El Niño threatens Australia
By Boyd Champness
THE Australian government has conceded that the El Niño effect, now causing widespread drought throughout Australia, will severely lower the nations cereal production, as well as casting doubts on economic growth.
Australian treasurer Peter Costello said weather analysts were predicting a repeat of conditions which led to the 1982/83 drought, yet the government had not revised its overall economic growth forecast of 3.75% in 1997/98.
Speaking at a conference in Melbourne, Mr Costello said: “Its too early to change the forecasts because the timing, distribution and the amount of rainfall over the next few weeks will be critical in determining farm production ultimately achieved.”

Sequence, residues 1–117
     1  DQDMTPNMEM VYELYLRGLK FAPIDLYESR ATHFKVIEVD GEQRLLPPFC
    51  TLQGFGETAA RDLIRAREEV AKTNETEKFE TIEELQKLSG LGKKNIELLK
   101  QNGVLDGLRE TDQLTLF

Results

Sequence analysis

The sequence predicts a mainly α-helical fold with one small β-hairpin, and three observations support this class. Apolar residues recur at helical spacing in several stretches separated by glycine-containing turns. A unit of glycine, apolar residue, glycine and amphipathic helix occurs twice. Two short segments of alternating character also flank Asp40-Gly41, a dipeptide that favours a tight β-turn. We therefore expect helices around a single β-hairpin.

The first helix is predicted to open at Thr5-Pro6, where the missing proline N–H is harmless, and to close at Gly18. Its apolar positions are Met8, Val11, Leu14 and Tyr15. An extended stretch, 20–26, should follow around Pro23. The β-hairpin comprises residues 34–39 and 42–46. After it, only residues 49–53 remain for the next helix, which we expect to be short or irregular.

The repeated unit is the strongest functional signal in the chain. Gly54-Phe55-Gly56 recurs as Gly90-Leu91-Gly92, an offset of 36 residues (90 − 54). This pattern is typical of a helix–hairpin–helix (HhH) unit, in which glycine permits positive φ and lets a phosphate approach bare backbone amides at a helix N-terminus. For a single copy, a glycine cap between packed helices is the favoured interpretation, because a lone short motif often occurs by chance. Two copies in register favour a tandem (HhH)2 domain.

This year the Australian government forecast a fall in farm production of 2%, after a 9% increase in 1996/97. Farm production increased by a 24% in 1995/96 after Australia reaped one of its largest harvests ever.
Latest forecasts for Australias 1997/98 wheat production suggest a decline in production to about 16m tonnes, compared with 23.5m tonnes last season. Barley production is expected to fall to about 6m tonnes, compared to 6.6m tonnes last year.
South Australia, the state so far hardest hit by the El Niño effect out of the countrys six states, is facing a fall in wheat and barley production of up to 40%. The South Australian Farmers Federation said severe losses had already occurred, regardless of whether the drought broke or not.